(Matthew B. Brown & Paul Thomas Smith, Symbols in Stone.)

Val Brinkerhoff, a professor of photography at BYU and has spent years studying and photographing sacred symbols, art and architecture, etc. He has photographed most of the LDS temples, as well as numerous temples, mosques, cathedrals and sacred places throughout the world. Over 3000 of his photographs are online at his website, Sacred Places & Their Symbols. Val Brinkerhoff Finding Meaning in Sacred Architecture
He has also published a number of books. One is a two volume book--The Day Star: Reading Sacred Architecture--with hundreds of photographs on his interpretation of sacred symbols and the LDS Temple.
Another one on Temple symbolism is Sacred Walls: Learning from Temple Symbols.

Also See:
Understanding Scriptural Symbols

History and Purpose of the LDS (Mormon) Temple Ceremony - Parts 1-2

Ancient Temple Texts Are Coming to Light

70 Books to be kept for the Wise

World renowned Bible scholar, author and Methodist preacher, Margaret Barker had this to say:

The traditions of the original temple survived intact, but not in those texts chosen, after the advent of Christianity, to become the Hebrew Scriptures [Masoretic Text]. The details of how the Hebrew canon was determined are not known, “Ezra” is the one responsible for dividing the 94 holy books into two collections: 24 to be made public, and the remaining 70 to be kept only for the wise [sacred Temple Texts]:“For in them is the spring of understanding, the fountain of Wisdom and the river of knowledge.”(2 Esdras 14.19-48).
The imagery suggests that these were books from temple tradition, and there is good reason to believe that the books reserved for the wise — and in fact preserved only by Christian scribes — included what we now call the Pseudepigrapha, texts such as 1 and 2 Enoch, which are repositories of ancient temple tradition.
(closed quote)
(Margaret Barker, The Hidden Tradition of the Kingdom of God)

The Temple As a House of Learning

Hugh Nibley in a BYU graduation address told how the "Doctrine and Covenants 109" describes the function and purpose of the temple as much the same as those of a university: A house where all seek learning by study and faith, by a discriminating search among the best books (no official list is given—you must search them out), and by constant discussion—diligently teaching "one another words of wisdom"; everybody seeking greater light and knowledge as all things come to be "gathered in one"—hence university (D&C 109:7, 14; 42:36)."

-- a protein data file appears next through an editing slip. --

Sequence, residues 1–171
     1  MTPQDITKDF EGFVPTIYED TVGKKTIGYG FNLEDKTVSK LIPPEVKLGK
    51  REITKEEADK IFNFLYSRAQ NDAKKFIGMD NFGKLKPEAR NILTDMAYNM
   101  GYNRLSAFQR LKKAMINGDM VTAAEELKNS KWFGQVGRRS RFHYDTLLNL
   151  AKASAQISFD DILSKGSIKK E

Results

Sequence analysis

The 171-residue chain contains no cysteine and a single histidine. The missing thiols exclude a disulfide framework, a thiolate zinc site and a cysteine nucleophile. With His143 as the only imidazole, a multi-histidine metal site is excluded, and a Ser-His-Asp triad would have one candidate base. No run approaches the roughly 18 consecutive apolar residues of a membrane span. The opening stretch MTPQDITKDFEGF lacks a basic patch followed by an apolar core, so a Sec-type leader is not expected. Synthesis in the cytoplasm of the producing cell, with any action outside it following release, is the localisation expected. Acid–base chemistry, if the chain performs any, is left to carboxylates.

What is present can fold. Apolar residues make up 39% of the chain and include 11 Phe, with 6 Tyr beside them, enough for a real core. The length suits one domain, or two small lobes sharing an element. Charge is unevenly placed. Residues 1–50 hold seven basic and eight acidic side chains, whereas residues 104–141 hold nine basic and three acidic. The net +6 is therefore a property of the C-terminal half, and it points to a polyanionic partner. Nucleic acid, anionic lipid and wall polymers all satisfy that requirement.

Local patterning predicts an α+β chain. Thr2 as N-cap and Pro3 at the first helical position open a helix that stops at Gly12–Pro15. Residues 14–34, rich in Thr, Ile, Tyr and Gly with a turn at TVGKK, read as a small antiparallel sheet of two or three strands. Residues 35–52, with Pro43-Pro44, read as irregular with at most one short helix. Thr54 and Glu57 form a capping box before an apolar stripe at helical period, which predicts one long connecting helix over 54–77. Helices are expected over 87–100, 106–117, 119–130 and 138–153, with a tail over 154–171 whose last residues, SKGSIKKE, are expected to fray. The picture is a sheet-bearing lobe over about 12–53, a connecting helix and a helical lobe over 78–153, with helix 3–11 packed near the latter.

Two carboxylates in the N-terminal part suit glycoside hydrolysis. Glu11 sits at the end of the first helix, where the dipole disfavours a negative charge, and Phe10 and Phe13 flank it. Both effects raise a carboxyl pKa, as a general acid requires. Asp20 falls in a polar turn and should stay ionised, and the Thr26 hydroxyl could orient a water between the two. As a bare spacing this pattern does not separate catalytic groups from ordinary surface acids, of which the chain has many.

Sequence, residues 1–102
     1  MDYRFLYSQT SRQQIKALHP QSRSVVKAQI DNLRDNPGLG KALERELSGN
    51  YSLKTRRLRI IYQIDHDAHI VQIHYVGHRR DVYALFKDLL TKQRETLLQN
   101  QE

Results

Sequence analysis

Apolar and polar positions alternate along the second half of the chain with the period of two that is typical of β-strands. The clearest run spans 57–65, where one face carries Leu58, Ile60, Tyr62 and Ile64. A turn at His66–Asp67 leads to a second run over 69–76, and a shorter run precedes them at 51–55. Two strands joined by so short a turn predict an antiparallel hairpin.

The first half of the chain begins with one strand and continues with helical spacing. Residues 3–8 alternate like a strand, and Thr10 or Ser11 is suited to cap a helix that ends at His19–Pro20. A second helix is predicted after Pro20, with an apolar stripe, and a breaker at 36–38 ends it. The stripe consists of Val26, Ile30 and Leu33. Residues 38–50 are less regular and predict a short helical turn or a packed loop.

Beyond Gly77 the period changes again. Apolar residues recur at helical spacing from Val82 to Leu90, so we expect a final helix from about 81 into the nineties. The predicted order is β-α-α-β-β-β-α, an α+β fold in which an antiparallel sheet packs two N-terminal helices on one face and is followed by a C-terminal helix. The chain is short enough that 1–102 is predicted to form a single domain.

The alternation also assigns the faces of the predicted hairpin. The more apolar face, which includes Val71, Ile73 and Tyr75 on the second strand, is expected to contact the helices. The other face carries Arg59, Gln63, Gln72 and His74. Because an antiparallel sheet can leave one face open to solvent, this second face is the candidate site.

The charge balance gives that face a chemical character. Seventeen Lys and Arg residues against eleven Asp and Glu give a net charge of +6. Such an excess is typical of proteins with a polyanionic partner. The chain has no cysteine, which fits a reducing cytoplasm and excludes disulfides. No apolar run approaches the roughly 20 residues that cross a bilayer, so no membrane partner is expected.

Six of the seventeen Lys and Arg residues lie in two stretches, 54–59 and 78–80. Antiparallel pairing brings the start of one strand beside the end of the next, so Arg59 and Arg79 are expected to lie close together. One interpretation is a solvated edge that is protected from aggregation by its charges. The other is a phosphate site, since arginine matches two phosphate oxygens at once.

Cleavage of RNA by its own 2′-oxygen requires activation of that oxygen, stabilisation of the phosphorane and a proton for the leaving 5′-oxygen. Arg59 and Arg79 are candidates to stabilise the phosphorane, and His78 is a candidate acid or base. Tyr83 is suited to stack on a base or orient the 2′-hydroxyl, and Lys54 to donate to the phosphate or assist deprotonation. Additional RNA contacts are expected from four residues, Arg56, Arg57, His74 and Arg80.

The Kirtland Temple was the first temple erected in this dispensation just after the Church was restored.
The School of the Prophets, a forerunner to temple worship, was established three years before the dedication of the Kirtland Temple. The school met in a room above the Newel K. Whitney Store. The School of the Prophets, allowed leaders of the new Church to study the gospel together.

The Savior's Life and Ministry Was Firmly Rooted In The Temple

Not long after the birth of the Savior his parents took him to the Jerusalem Temple to "offer up a sacrifice pertaining to childbirth." There Simeon, through revelation recognized the promised child who was "the Lord's Anointed or "Christ."" He took the child "up in his arms, and blessed God, and said, Lord, now lettest thou they servant depart in peace, according to thy word: For mine eyes have seen they salvation" (Luke 2: 25-30). A Prophetess who served the Lord continually in the temple, named Anna, came "in that hour and she likewise thanked the Lord for sending the Redeemer and she "spake of him to all them that looked for redemption" (Luke 2: 36-38).
"When Christ was twelve years old, his parents "found him in the temple [courts]" during the Passover season, teaching the learned men among the Jews and going about his Father's business. (JST Luke 2: 46-49). Forty days after his baptism we read that "the Spirit brought him to Jerusalem, and set him on a pinnacle of the temple" (JST Luke 4:9). He cleansed the temple both at the beginning (John 2:13-25) and at the end of his mortal ministry (Matthew 21:1-16). We know that whenever he was in Jerusalem "he taught daily in the temple" (Luke 19:47; Mark 14:49), and the people gathered there so that they could hear his teachings (Luke 21:37-38). We read that he participated in temple festivals (John 2:13; John 5:1; John 10:22-23; John 12:1, 12-13) and entered the temple courts triumphantly in his role as the rightful King of Israel (Mark 11:1-11; Luke 19:28-45).
"But the Savior's connection to his Father's house does not end here. The earliest Christians viewed Jesus Christ in the role of the Hight Priest of the temple (Hebrews 3:1; Hebrews 5:10). He is even described as wearing a seamless robe similar to the one worn by the hight priest (John 19:23; compare Exodus 28:31-32). He pronounced a blessing on his disciples after the manner of the high priest with uplifted hands (Luke 24:50; compare Leviticus 9:22-23; Numbers 6:23-27. He was bapized at age 30, which was the age when temple priest began to serve (Luke 3:21-23; compare Numbers 4:1-4). The prayer that Christ utters in the seventeenth chapter of the book of John is regarded by many biblical scholars to be a high priestly prayer. Christ is also depicted in Revelation 1:12-13 standing in the heavenly temple wearing "the royal and high-priestly garb." (see The Gate of Heaven, Matthew B. Brown, pg. 168-169)

Guardian Angels, The Book of Life and Temple Work